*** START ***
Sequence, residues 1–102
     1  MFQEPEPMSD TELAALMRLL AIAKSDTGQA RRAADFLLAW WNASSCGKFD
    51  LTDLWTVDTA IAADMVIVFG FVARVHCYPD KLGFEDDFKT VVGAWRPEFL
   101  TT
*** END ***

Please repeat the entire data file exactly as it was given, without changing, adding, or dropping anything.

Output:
Sequence, residues 1–102
     1  MFQEPEPMSD TELAALMRLL AIAKSDTGQA RRAADFLLAW WNASSCGKFD
    51  LTDLWTVDTA IAADMVIVFG FVARVHCYPD KLGFEDDFKT VVGAWRPEFL
   101  TT